This post was originally published in 2013. It has since been updated for accuracy of links and content.
August was an odd month for me. When faced with challenges (as I was, many times this past month), a solution dripping with serendipity usually revealed itself if I remained patient and calm.
Two examples come to mind:
Losing – to Win – in Business
First was the dissolution of a writing gig/contract that I had come to rely on as a (somewhat) passive and consistent form of income for years now.
When I received the awful email with the contract news, the idea of losing a chunk of my income disturbed me, and I peered into the dark side of the feast-or-famine existence that is freelancing.
But I didn’t do anything.
I didn’t respond to the email in anger, nor did I make any decisions right away. I felt there was more to the picture yet to be revealed.
And there was. The deal that was offered as a contract buyout was amended to give me a reasonable chunk of change in exchange for losing my income, and what’s more – because I didn’t burn any bridges, they negotiated to keep me on as a writer – and have even referred me extra work.
In the meantime, three other editors serendipitously contacted me asking me to write for them. (One of them is Flight Network, for whom I’m now their Travel Hacking Columnist). The second (with TripCentral.ca) was for a series of articles over a few months. I even turned down the third offer (despite an incredibly high pay rate), as I instead chose loyalty to one of my other columns and publications, since there was a vague conflict of interest. (I don’t care how much I am getting paid; if the circumstances under which I am being paid to write don’t feel right, I can’t/won’t produce).
So what started out as some terrible news at first, ended up being a gift of inspiration in acquiring new writing opportunities, and shifting around the old to work out even better overall. This has created a ripple effect throughout my entire business; I’ve switched into a new gear and am amidst a number of big projects (TBA).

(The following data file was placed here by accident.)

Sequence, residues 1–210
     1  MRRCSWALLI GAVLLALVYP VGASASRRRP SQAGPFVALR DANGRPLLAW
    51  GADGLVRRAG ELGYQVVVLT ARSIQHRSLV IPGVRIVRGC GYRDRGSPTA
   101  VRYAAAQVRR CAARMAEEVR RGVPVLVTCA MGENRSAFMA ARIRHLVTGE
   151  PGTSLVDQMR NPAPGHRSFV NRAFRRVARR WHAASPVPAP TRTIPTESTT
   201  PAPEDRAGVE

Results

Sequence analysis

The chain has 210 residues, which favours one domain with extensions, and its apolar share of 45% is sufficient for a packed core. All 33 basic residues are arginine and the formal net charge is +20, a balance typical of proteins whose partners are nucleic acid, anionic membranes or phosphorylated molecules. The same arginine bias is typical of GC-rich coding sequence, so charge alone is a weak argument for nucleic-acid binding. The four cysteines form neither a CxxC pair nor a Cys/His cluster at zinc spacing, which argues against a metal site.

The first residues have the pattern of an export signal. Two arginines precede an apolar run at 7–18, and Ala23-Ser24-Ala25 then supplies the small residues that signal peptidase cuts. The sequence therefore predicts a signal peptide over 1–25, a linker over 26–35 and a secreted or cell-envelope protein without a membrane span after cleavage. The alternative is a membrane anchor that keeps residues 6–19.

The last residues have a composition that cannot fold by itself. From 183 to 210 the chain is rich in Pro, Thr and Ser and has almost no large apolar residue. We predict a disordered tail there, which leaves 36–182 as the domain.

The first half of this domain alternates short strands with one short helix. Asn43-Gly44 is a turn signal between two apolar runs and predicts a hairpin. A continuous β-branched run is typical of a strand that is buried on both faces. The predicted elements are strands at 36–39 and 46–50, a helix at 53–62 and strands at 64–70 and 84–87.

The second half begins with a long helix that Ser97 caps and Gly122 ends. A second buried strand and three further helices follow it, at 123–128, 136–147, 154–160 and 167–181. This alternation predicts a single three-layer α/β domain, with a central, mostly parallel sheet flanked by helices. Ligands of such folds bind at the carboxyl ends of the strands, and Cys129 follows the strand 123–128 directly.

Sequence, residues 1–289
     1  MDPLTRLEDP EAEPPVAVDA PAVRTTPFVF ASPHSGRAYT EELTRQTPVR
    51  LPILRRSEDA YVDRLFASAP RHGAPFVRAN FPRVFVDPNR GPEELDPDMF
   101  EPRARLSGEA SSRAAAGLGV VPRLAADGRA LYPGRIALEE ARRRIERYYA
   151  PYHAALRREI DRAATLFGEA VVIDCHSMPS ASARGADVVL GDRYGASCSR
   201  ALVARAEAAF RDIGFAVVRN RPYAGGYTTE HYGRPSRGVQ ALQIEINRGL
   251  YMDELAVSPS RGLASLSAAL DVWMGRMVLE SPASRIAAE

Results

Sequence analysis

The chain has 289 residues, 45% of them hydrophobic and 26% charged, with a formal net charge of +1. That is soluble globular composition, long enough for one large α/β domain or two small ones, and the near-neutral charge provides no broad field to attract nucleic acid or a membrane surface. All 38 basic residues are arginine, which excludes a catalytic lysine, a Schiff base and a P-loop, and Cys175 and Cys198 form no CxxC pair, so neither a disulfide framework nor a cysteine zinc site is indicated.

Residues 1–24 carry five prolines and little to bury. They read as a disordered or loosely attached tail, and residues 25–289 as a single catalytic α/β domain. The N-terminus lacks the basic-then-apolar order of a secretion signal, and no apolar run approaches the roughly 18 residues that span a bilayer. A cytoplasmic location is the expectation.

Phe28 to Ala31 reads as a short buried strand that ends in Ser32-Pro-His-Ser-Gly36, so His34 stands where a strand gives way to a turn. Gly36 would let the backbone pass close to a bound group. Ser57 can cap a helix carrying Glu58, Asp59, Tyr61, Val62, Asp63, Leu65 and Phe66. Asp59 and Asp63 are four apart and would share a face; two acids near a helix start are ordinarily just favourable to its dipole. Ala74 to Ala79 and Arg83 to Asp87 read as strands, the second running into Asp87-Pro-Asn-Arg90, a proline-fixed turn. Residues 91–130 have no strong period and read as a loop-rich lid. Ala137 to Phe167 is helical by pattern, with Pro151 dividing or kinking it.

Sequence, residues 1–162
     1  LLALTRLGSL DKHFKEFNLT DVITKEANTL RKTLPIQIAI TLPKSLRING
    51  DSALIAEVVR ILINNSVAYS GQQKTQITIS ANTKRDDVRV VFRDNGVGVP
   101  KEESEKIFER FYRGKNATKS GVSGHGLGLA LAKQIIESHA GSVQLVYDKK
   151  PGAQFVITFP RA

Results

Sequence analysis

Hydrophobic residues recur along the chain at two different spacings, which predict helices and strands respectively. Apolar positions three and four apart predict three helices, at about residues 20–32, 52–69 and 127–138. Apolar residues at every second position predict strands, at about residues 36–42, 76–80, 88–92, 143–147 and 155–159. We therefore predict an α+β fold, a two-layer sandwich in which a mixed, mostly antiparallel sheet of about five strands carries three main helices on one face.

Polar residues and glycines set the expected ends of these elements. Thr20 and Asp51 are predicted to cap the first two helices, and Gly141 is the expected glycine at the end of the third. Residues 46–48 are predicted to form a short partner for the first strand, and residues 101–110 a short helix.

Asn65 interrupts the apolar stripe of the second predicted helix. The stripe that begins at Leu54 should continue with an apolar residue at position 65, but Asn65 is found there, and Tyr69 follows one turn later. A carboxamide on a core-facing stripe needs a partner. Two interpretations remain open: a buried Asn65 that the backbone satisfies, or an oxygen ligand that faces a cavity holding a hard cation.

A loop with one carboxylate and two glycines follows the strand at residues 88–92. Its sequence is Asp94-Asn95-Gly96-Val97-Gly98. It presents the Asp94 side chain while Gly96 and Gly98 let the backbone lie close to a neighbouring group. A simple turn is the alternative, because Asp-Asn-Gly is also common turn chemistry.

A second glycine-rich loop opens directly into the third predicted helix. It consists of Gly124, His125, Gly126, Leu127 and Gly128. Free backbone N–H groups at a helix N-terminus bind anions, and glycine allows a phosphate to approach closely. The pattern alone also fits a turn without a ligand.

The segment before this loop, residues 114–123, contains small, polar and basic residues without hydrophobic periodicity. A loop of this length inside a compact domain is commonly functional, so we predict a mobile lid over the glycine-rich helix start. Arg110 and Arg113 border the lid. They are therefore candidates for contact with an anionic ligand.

Ask, and the Plane Ticket Shall Come
The second example of serendipity happened over three days.
Day One: I realized my three month tourist visa for Grenada was going to expire in a month. Although I could extend it on the island, I’d rather travel and return. I’ve managed to get off the island before my visa expired every time thus far; I’m eager to continue the trend.
Day Two: I received an email from a soon-to-be-announced angel. They offered me a free trip (through a number of soon-to-be-announced destinations) that will be just what the doctor ordered. I’ll even receive compensation for my time, and it’s a great opportunity to explore a whole new element of points-based travel (a valuable technique for financially sustainable travel).
Day Three: I had a conversation with the soon-to-be-announced angels, and the gig was confirmed. Here’s the kicker: My departure date is the exact date that my visa for Grenada expires.
(cue Twilight Zone music)
Serendipity, and Bad Luck – er, Good Luck
All this reminds me of an old proverb I wrote about ages ago: Good Luck, Bad Luck, Who Can Tell. You never know what’s behind that stroke of good or bad luck you’ve just been dealt. Remaining calm and patient can reveal a larger picture, an often with it, unanticipated opportunities.